Jefferson’s Ocean Aged at Sea Bourbon: Review

IMG_3356

Kentucky Straight Bourbon Whiskey, 90 Proof, 45% ABV

Much of the current bourbon craze is driven by good old fashioned story-telling. Of course, Pappy’s has a good story about an old distillery, and it’s impossible to find. Four Roses makes great stories with their various flavor combinations (OBSV, OBSK, OESK, OBSO, OESO, etc.). A little extra-aging of your regular juice in different barrels, from cabernet to cognac, sherry, port and more, also makes for more interesting stories. People want to buy a great story, and Trey Zoeller of Jefferson’s Bourbon has come up with one of the best and most unique to date. They send barrels out to sea for at least four crossings of the equator and over 30 ports of call. The process certainly does seem to accelerate the aging process, what with rolling of the ocean waves and tropical heat. Many claim to detect the flavors of the sea, but I was skeptical about that—until I got my hands on a bottle (at discount from a store where the regular college crowd may not have been aware of the awesome story, or didn’t want to fork up $80 for it.)

Eye:

Medium dark honey

Nose:

As stated earlier, I was skeptical about the sea story actually adding ocean flavors to the liquid, but even with my nose far away from the glass I could detect a distinct briny ocean brreze (it could have been psychosomatic). Up close, it dissolved into a more typical bourbon caramel and brown sugar.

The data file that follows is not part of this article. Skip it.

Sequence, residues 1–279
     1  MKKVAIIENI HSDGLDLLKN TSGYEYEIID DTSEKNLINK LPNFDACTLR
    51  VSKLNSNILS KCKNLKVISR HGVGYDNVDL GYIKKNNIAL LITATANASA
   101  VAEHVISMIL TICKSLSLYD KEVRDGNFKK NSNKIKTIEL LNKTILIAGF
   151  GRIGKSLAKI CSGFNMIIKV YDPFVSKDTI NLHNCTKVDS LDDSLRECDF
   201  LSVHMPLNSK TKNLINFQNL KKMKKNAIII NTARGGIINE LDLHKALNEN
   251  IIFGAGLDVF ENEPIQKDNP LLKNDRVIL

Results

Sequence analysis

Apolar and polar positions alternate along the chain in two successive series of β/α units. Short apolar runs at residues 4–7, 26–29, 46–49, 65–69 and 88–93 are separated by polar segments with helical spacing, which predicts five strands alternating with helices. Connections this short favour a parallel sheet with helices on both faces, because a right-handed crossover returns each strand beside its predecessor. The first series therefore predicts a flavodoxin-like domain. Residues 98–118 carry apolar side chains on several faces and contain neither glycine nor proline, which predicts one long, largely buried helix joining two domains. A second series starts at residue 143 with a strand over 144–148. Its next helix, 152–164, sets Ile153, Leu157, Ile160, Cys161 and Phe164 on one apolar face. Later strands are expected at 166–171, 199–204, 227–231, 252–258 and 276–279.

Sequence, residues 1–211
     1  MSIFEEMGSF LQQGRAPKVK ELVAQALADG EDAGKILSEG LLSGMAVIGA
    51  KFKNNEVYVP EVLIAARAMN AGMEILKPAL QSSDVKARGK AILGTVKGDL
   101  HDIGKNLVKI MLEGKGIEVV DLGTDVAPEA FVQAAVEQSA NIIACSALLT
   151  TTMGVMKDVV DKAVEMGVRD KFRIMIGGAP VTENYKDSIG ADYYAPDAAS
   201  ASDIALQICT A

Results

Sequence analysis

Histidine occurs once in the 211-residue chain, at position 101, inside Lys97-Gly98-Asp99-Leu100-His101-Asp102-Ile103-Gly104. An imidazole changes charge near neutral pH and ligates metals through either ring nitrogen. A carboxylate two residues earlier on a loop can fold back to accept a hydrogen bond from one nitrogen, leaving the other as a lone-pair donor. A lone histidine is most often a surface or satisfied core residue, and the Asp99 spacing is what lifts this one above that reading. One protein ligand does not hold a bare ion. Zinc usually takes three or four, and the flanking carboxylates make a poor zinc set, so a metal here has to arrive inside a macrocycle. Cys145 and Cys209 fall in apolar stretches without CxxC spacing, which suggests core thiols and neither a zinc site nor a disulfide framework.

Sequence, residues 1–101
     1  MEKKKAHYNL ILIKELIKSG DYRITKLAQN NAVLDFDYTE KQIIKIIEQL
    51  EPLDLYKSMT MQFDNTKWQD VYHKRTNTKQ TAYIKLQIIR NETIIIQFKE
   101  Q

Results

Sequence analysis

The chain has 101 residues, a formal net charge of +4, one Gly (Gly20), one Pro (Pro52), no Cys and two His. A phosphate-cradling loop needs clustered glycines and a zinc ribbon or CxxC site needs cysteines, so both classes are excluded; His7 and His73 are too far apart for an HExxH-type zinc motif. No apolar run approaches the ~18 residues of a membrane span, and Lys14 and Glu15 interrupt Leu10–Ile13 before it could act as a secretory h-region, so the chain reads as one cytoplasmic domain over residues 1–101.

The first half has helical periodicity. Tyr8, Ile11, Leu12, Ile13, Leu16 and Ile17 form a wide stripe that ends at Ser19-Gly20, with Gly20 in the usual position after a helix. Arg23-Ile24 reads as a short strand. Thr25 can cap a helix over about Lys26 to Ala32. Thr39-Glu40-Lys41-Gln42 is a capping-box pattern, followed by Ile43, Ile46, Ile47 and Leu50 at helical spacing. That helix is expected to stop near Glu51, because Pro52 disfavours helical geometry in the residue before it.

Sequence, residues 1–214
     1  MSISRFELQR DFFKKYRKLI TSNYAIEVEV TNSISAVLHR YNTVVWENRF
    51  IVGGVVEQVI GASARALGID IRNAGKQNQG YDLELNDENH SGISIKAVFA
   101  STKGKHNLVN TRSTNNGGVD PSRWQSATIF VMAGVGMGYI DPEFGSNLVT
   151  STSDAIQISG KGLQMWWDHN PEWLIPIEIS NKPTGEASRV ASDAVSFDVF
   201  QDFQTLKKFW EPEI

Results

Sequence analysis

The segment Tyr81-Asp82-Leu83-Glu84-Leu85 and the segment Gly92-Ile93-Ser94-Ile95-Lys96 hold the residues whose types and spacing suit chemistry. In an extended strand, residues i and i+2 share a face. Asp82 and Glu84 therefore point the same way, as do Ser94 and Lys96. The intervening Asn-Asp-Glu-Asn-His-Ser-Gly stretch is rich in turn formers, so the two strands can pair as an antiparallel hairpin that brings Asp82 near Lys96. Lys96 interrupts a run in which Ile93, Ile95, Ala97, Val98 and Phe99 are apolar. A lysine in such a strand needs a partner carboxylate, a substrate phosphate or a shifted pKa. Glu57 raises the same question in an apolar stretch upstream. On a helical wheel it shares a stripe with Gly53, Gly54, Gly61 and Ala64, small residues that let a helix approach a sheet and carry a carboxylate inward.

Mouth:

Waves of strong oak and bitter wood notes crash against the lips on first tasting, making it drink much older than its years (I can only assume, since I don’t see an age statement anywhere.) The essence of wood recalls McKenna 10 Year Old. The mouth feel is on the thin side, not as luscious as I usually prefer. A medium long finish fades into peppery warmth going down the throat. Right off the bat, I don’t get the salty sea tastes that most aficionados cite, and that the briny nose promises. After adding a touch of water, the bitterness smooths out and more of the spice comes to the front, and a salty caramel emerges in the back. Overall, I’d say this is a well-balanced and elegant bourbon. I couldn’t help but put on my Yacht Rock music mix to go along with it. So, come sail away with me.

Rating: 🥃🥃🥃1/2

Leave a Reply

Fill in your details below or click an icon to log in:

WordPress.com Logo

You are commenting using your WordPress.com account. Log Out / Change )

Twitter picture

You are commenting using your Twitter account. Log Out / Change )

Facebook photo

You are commenting using your Facebook account. Log Out / Change )

Google+ photo

You are commenting using your Google+ account. Log Out / Change )

Connecting to %s